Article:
My friends and I are part of an even larger group — about 34 million — with low bone mass, or osteopenia. It’s a “pre-disease” category fraught with controversy: Many argue it should be treated, lest it lead to a worsening problem.

Cummings and Watts, on the other hand, challenge the view of osteopenia as a condition to be treated. “It describes half the women over 50,” said Cummings, who says the two most commonly prescribed osteoporosis drugs, Fosamax and Actonel, have shown no benefit in osteopenic women; only hormones, he said, have proved effective for this group.

“The problem is that this category lumps together some people with very high risk and others at very low risk,” McClung said. “We should not be treating them all the same.”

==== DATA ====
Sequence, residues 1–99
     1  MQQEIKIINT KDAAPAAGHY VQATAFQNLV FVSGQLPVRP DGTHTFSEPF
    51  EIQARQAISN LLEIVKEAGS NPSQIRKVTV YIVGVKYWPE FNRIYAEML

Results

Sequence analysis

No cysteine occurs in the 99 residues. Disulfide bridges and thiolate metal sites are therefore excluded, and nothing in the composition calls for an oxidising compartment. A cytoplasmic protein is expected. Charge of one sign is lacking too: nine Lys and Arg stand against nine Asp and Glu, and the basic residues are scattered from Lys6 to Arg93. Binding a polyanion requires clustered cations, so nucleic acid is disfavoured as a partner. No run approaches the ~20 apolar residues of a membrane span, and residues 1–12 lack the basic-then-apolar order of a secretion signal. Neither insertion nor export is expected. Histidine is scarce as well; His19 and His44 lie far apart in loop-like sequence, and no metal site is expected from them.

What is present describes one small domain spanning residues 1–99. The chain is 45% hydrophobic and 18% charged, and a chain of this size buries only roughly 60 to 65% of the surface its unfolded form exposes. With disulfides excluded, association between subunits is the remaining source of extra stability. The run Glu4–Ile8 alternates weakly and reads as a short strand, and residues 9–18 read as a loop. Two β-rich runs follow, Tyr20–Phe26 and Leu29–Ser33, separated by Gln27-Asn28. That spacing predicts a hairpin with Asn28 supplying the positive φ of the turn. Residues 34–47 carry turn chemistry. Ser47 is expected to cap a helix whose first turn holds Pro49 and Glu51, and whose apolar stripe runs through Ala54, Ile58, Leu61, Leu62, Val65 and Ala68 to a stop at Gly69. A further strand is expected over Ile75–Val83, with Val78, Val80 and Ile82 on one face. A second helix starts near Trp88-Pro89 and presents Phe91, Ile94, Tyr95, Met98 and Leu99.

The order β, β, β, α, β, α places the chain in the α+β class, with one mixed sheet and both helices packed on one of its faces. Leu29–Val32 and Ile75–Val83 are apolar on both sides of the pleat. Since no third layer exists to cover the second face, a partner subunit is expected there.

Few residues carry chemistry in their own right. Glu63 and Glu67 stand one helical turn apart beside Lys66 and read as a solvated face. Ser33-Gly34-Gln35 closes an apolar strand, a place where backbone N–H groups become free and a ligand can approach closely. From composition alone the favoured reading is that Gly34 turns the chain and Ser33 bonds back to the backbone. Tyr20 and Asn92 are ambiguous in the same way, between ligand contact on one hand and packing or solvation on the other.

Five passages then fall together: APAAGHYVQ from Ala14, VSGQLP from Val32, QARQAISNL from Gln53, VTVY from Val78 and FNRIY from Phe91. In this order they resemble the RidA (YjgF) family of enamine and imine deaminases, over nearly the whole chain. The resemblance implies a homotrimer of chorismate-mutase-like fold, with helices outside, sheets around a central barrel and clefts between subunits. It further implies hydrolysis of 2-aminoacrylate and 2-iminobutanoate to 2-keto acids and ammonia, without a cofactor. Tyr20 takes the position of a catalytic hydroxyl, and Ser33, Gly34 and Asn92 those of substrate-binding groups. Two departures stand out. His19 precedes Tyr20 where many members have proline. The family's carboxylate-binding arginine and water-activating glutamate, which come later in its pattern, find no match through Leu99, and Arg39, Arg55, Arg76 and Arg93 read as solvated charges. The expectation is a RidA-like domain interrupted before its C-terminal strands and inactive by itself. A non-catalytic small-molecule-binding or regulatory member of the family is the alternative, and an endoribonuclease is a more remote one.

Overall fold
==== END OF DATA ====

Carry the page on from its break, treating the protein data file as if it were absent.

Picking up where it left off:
To some extent, losing bone mass, or bone density, is a normal part of aging. For both men and women, density peaks during our 20s and 30s and then falls throughout our remaining lives. Bone tissue constantly renews itself, shedding old cells and forming new. But, at some point, bone formation begins to lag behind bone loss. For women, bone mass drops steeply after menopause; men lose mass more steadily. Because women begin with less bone mass and lose it at a faster rate, at any age women have lower bone densities than men.

Other Risks

So, what — besides bone mineral density — are the risk factors for fractures?

Age is one. The fracture rates for both men and women rise rapidly after age 75; the average age for hip fracture, for example, is 82. One 1998 study showed that women 85 or older have about 100 times the rate of hip fractures of women ages 45 to 54. Nonetheless, prevention efforts often miss the elderly because a marketing strategy for osteoporosis drugs is to target younger women like my friends and me, according to McClung. My mother is a case in point. She was not treated with Fosamax until age 88, after several falls and two broken bones.